This is a guest post written by Scott Middleton, founder and CEO of stratejos as well as part-time sausage maker. stratejos is a smart assistant for software teams using Jira and Hipchat.

Will you still be doing your job in 5-10 years or will a robot do it for you?

This is a question knowledge workers have started asking themselves as AI is becoming more capable and widely adopted. Atlassian co-founder and CEO, Mike Cannon-Brookes, has said AI will play a major role in the future of team productivity. Well, here is why.

AI’s immense growth

Bank of America Merrill Lynch predicts that AI will have a $9 trillion impact on knowledge work over the coming decade. The McKinsey Global Institute says AI is driving transformation of society at a rate of “3,000 times the impact” of the Industrial Revolution. CB Insights analysis shows funding for AI companies is increasing year-over-year. Broad trends and real-world results mean AI and bots can’t be ignored as empty hype any more.


Rather than being fearful of AI, our opportunity is to embrace its potential to enable entirely new ways of operating in our organisations and allow us to apply our knowledge to higher value activities.

Understanding AI in business

There are two basic ways to understand the world of AI: artificial general intelligence (General AI or AGI) and narrow artificial intelligence (Narrow AI). Narrow AI is the use of machines to intelligently solve specific problems, while General AI is a machine or group of machines that have the complete cognitive capabilities of a human. Contrary to what the science fiction movies might suggest, General AI is still a long way off.

Challenges to General AI:

The main challenge to General AI is that, well, we don’t fully understand what consciousness is. Philosophers have advanced their thinking beyond Descartes’ concept of body and mind to the understanding that our brains give rise to consciousness, but, along with neuroscientists and others, we still don’t understand what it is let alone how to recreate it.

By way of example, the OpenWorm project has only just started the process of simulating a creature as simple as a worm. Despite the extensive understanding of Caenorhabditis elegans (the worm being simulated) there are still many questions about how to go about recreating it and its limited intelligence. So there is still some time until we have to consider singularity – or for Terminator fans – the Skynet problem.

Narrow AI

Narrow AI, on the other hand, is already having an impact and is rapidly spreading into more areas. It has been influencing our everyday lives for years now, whether we are getting advice on stock purchases, or being recommended a book on Amazon. Narrow AI has been delivering value by using large, structured data-sets to solve problems that have clear outcomes or rules. It is now reaching beyond this area.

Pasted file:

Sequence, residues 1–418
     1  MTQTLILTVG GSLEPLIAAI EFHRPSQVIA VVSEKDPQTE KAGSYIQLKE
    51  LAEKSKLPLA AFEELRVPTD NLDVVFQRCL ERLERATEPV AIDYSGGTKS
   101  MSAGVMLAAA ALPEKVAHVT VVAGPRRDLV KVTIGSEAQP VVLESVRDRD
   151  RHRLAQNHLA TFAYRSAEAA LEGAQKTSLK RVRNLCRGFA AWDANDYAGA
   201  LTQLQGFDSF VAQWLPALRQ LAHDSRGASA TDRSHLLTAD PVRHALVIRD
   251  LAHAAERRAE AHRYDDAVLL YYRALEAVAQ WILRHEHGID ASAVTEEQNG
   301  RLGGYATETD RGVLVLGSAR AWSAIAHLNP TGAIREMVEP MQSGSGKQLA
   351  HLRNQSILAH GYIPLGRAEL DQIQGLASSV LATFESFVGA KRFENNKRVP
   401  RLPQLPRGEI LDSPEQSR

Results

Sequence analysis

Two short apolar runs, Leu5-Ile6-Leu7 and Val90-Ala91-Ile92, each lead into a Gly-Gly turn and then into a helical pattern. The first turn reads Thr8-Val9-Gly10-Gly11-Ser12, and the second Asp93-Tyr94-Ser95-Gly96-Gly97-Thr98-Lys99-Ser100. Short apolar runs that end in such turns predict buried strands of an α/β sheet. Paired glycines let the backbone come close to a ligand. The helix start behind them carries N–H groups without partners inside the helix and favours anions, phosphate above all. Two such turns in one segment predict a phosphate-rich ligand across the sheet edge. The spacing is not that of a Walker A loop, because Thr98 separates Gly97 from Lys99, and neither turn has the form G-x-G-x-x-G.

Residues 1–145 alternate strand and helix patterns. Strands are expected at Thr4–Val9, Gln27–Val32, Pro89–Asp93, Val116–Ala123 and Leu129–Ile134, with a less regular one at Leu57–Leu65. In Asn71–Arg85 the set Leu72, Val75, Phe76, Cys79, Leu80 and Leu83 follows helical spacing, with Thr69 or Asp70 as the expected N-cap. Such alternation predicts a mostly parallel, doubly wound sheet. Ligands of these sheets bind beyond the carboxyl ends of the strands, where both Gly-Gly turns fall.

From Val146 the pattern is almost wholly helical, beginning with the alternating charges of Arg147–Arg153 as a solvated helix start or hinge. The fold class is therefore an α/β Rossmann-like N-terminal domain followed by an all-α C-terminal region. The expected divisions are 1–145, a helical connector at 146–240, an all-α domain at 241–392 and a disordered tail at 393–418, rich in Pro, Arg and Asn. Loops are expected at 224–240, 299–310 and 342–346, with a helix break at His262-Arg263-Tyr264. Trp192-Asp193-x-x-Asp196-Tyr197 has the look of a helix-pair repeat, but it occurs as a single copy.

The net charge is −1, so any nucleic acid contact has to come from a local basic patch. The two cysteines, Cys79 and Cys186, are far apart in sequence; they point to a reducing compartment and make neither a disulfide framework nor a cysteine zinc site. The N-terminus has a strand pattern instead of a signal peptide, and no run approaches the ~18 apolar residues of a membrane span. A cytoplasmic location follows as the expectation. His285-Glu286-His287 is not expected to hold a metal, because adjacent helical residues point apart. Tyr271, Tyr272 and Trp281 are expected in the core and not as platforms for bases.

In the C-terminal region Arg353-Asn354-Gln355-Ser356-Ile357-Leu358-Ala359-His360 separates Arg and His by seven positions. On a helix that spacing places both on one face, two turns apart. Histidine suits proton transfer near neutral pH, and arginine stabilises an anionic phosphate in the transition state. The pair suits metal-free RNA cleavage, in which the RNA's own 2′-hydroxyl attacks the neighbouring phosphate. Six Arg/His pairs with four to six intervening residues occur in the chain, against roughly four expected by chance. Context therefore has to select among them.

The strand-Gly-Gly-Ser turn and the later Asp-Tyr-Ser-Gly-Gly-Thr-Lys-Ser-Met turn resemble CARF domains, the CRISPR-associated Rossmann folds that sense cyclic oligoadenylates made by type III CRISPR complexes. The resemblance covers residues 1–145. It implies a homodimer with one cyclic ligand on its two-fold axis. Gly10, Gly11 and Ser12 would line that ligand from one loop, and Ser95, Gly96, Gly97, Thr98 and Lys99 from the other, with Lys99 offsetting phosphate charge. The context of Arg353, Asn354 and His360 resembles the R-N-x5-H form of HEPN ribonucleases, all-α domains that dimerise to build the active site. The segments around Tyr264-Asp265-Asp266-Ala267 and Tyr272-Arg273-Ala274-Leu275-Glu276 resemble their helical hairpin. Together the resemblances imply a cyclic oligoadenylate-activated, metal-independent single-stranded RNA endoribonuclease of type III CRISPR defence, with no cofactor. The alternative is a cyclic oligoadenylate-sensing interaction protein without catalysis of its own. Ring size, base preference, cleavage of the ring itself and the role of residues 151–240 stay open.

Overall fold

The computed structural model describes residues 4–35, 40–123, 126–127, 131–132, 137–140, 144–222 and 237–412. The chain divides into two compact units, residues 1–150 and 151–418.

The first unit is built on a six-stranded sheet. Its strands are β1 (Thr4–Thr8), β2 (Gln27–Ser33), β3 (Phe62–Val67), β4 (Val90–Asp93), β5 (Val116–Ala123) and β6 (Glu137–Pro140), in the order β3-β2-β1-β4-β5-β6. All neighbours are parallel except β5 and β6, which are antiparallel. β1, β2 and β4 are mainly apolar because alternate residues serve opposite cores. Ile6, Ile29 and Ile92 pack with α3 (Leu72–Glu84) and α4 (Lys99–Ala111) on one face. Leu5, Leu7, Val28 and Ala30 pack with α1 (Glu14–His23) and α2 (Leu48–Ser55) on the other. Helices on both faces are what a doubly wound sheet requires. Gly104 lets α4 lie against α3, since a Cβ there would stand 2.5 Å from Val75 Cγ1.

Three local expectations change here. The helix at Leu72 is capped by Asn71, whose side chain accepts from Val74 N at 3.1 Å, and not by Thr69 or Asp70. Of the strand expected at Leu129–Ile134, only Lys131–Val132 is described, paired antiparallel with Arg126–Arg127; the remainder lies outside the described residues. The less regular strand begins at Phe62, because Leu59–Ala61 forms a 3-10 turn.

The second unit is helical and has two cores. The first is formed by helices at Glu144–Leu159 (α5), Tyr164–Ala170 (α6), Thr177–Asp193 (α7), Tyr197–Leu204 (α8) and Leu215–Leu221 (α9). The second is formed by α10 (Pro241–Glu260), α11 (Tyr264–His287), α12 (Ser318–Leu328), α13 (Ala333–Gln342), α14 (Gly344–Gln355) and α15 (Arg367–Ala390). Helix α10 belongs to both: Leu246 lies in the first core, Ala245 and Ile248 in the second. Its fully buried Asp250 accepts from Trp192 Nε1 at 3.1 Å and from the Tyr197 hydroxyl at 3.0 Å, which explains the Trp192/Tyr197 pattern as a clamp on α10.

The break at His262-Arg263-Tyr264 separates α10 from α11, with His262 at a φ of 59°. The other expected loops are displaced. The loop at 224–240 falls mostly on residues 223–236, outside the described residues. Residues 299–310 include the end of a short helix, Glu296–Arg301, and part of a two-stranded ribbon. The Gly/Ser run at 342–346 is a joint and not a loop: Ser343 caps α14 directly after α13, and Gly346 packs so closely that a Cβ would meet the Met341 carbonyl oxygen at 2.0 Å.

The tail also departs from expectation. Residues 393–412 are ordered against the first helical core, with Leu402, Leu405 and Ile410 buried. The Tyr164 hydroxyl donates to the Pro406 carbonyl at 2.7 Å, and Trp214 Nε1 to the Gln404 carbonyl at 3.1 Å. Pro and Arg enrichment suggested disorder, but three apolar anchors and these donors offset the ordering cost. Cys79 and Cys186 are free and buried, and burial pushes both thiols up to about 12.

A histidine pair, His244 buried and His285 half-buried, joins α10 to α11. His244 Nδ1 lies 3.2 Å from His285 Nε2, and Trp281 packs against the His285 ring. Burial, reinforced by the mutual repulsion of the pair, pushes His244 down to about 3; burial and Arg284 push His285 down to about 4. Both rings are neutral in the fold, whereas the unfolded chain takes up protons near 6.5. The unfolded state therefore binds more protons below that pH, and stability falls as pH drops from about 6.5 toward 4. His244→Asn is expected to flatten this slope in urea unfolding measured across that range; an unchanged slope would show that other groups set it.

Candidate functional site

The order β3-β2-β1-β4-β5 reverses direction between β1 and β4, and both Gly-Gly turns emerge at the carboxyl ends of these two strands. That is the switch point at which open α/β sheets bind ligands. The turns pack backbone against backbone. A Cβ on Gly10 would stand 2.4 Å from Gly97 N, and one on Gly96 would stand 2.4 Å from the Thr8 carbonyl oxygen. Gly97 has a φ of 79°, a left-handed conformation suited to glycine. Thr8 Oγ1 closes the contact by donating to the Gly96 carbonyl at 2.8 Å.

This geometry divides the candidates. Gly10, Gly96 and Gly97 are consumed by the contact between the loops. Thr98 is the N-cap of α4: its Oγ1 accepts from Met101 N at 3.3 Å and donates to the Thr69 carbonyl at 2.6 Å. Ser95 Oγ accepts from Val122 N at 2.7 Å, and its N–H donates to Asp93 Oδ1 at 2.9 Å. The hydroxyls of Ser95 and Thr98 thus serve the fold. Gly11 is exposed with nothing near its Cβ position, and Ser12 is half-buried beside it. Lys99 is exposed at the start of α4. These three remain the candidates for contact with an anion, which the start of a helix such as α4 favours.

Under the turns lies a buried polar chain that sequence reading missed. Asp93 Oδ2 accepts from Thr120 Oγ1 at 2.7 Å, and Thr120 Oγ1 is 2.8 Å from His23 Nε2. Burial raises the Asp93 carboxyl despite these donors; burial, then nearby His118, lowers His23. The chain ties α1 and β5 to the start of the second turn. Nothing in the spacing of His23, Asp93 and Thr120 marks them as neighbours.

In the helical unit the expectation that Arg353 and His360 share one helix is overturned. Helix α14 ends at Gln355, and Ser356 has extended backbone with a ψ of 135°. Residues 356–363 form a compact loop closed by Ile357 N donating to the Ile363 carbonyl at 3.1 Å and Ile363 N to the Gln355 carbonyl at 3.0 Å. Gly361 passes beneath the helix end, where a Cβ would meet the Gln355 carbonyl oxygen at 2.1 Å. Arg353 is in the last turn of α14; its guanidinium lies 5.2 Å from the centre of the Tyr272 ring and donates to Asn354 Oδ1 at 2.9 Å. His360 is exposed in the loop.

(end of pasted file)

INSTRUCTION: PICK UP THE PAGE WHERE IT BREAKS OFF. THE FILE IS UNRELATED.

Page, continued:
AI, bots, teams and management

The possibilities for bots and AI to assist and participate in teams are opening up. The key drivers behind this are:

  • Data is accessible. Tasks, issues, timelogs, source code, test results, and all the other things you use to build software, is sitting in a system somewhere. The systems holding team data are getting easier and easier to access due to APIs, support for add-ons or their cloud-based nature.
  • Data is messy. The data teams use is messy. It’s not anyone’s fault it’s just the nature of work. Due to time constraints and release pressures it’s hard to find the time to clean things up while a team is in motion (which is always). But that isn’t necessarily a problem now because of the advancements being made in dealing with unstructured data.
  • Data set size isn’t an issue. Compared to the massive data sets of Amazon, Facebook and Google, the data set sizes of most teams are very small. Teams usually only have tens or hundreds of tasks. Even larger teams with thousands of tasks would have, statistically speaking, a small data set. Advancements in algorithms for small data sets mean that narrow AI can start producing meaningful results for teams.
  • Team process standardisation. Most teams, across organisations and around the world, are now settling on essentially similar processes and approaches to how they work. The pervasiveness of agile in software development teams is one example of this. The implication for narrow AI is that it’s easier to be more useful to a greater of people. This also means it is possible to combine data across organisations to create larger data sets.
  • Productivity improvements now outweigh inaccuracy. As the algorithms are evolving there are still inaccuracies. However, the benefits gained – either by reduced costs, increased speed or increased insight – now outweigh the flaws, inaccuracies and, for some chatbots, annoyances present in narrow AI.

AI and the Atlassian Ecosystem

Atlassian’s products provide a great platform for narrow AI to contribute to the evolution of teams. This means the arrival of Jira bots, Hipchat bots, Confluence bots, Bitbucket bots, intelligent assistants, and smart systems that will take teams to the next level of productivity. Teams will move significantly faster, they’ll make better decisions, and find themselves able to focus on higher-value activities. So don’t fear the bots, make them part of your daily work, and get more done.

stratejos offers a Jira bot and a Hipchat bot that can help you manage software teams, projects, and releases. Check out stratejos in the Atlassian Marketplace to see how it can help you know the real status of projects, identify problems and get help fixing them.

See it in the Marketplace

How AI is transforming the work of software teams